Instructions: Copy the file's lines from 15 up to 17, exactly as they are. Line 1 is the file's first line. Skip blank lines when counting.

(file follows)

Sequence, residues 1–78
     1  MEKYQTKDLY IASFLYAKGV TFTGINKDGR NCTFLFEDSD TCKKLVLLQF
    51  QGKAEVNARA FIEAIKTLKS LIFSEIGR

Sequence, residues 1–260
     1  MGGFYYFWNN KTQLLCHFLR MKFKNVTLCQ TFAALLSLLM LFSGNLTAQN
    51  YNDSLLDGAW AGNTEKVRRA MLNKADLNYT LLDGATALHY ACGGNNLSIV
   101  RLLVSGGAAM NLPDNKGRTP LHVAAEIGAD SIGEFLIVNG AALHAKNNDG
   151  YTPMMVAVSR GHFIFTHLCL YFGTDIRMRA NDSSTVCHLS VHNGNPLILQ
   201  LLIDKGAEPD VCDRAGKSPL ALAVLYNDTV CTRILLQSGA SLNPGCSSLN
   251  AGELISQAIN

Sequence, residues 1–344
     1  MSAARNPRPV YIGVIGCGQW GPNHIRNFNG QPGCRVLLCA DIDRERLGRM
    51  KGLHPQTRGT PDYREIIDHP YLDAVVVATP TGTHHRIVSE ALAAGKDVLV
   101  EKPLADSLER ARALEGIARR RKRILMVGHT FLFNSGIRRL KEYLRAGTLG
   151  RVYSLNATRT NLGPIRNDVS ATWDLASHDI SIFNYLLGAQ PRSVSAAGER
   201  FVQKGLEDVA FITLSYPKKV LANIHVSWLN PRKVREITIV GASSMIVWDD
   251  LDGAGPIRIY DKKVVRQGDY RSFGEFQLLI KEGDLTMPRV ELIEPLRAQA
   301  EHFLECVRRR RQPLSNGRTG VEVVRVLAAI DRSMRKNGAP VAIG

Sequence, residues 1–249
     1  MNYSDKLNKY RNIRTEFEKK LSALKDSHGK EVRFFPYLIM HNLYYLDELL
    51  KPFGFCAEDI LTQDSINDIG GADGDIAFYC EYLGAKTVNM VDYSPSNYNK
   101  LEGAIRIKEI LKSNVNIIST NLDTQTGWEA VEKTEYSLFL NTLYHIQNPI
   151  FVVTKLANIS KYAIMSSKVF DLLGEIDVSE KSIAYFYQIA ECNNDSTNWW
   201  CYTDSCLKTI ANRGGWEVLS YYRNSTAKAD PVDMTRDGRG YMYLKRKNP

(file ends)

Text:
   151  RVYSLNATRT NLGPIRNDVS ATWDLASHDI SIFNYLLGAQ PRSVSAAGER
   201  FVQKGLEDVA FITLSYPKKV LANIHVSWLN PRKVREITIV GASSMIVWDD
   251  LDGAGPIRIY DKKVVRQGDY RSFGEFQLLI KEGDLTMPRV ELIEPLRAQA